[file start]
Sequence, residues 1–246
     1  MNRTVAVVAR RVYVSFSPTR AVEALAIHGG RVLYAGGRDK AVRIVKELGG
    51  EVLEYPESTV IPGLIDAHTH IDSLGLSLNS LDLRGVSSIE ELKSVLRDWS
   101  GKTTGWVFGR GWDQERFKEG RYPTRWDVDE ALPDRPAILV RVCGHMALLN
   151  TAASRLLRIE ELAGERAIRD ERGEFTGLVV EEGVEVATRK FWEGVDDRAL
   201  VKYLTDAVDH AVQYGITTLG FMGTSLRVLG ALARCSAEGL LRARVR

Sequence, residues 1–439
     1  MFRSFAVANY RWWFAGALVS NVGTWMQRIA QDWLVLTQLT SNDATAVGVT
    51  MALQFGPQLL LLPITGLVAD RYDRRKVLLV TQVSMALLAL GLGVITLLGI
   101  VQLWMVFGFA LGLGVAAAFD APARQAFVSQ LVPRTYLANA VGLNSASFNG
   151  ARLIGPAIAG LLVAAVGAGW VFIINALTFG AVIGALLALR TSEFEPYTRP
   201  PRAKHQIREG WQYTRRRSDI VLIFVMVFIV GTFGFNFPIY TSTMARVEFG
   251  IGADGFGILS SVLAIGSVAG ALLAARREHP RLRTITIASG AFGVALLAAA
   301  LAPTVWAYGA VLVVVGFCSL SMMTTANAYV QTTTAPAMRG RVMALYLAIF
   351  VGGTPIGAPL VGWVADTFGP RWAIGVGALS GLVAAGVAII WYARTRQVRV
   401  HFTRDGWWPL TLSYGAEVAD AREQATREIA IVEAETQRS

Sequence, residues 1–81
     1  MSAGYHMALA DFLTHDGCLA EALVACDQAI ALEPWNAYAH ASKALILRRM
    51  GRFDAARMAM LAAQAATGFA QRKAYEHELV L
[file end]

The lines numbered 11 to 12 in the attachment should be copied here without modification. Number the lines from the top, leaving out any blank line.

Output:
   151  ARLIGPAIAG LLVAAVGAGW VFIINALTFG AVIGALLALR TSEFEPYTRP
   201  PRAKHQIREG WQYTRRRSDI VLIFVMVFIV GTFGFNFPIY TSTMARVEFG